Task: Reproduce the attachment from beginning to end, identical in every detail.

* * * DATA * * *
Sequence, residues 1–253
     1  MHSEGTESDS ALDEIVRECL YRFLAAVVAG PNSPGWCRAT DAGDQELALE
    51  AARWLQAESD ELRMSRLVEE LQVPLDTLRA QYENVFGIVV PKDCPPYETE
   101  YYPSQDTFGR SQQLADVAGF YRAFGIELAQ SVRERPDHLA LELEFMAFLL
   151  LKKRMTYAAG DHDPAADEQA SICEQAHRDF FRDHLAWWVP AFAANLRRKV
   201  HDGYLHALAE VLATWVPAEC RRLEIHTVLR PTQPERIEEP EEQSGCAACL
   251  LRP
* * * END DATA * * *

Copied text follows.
Sequence, residues 1–253
     1  MHSEGTESDS ALDEIVRECL YRFLAAVVAG PNSPGWCRAT DAGDQELALE
    51  AARWLQAESD ELRMSRLVEE LQVPLDTLRA QYENVFGIVV PKDCPPYETE
   101  YYPSQDTFGR SQQLADVAGF YRAFGIELAQ SVRERPDHLA LELEFMAFLL
   151  LKKRMTYAAG DHDPAADEQA SICEQAHRDF FRDHLAWWVP AFAANLRRKV
   201  HDGYLHALAE VLATWVPAEC RRLEIHTVLR PTQPERIEEP EEQSGCAACL
   251  LRP